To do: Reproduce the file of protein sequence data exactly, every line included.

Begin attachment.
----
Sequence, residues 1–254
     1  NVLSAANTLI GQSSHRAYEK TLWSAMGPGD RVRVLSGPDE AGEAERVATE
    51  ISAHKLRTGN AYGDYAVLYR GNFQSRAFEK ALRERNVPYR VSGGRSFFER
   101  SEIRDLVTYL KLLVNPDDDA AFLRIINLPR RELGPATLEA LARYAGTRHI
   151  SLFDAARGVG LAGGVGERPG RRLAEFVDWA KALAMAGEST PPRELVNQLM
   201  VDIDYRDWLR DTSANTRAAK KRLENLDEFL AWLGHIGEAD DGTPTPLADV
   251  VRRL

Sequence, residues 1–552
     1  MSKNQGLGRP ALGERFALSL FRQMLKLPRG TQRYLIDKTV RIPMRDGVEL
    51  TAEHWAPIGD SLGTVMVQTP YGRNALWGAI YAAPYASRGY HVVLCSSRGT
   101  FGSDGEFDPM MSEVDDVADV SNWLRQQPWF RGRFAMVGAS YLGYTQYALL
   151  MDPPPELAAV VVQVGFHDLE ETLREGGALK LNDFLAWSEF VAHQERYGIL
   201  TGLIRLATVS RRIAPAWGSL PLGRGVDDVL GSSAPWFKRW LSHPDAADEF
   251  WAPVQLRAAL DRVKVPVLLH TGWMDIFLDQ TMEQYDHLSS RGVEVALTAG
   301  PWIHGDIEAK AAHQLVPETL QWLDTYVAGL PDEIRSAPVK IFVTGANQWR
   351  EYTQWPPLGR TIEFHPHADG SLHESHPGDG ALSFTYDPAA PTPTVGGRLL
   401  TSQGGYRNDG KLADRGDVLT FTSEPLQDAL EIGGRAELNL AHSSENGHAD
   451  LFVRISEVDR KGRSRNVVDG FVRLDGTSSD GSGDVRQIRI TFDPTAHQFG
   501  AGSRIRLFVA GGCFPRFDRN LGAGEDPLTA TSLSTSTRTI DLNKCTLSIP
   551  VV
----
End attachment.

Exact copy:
Sequence, residues 1–254
     1  NVLSAANTLI GQSSHRAYEK TLWSAMGPGD RVRVLSGPDE AGEAERVATE
    51  ISAHKLRTGN AYGDYAVLYR GNFQSRAFEK ALRERNVPYR VSGGRSFFER
   101  SEIRDLVTYL KLLVNPDDDA AFLRIINLPR RELGPATLEA LARYAGTRHI
   151  SLFDAARGVG LAGGVGERPG RRLAEFVDWA KALAMAGEST PPRELVNQLM
   201  VDIDYRDWLR DTSANTRAAK KRLENLDEFL AWLGHIGEAD DGTPTPLADV
   251  VRRL

Sequence, residues 1–552
     1  MSKNQGLGRP ALGERFALSL FRQMLKLPRG TQRYLIDKTV RIPMRDGVEL
    51  TAEHWAPIGD SLGTVMVQTP YGRNALWGAI YAAPYASRGY HVVLCSSRGT
   101  FGSDGEFDPM MSEVDDVADV SNWLRQQPWF RGRFAMVGAS YLGYTQYALL
   151  MDPPPELAAV VVQVGFHDLE ETLREGGALK LNDFLAWSEF VAHQERYGIL
   201  TGLIRLATVS RRIAPAWGSL PLGRGVDDVL GSSAPWFKRW LSHPDAADEF
   251  WAPVQLRAAL DRVKVPVLLH TGWMDIFLDQ TMEQYDHLSS RGVEVALTAG
   301  PWIHGDIEAK AAHQLVPETL QWLDTYVAGL PDEIRSAPVK IFVTGANQWR
   351  EYTQWPPLGR TIEFHPHADG SLHESHPGDG ALSFTYDPAA PTPTVGGRLL
   401  TSQGGYRNDG KLADRGDVLT FTSEPLQDAL EIGGRAELNL AHSSENGHAD
   451  LFVRISEVDR KGRSRNVVDG FVRLDGTSSD GSGDVRQIRI TFDPTAHQFG
   501  AGSRIRLFVA GGCFPRFDRN LGAGEDPLTA TSLSTSTRTI DLNKCTLSIP
   551  VV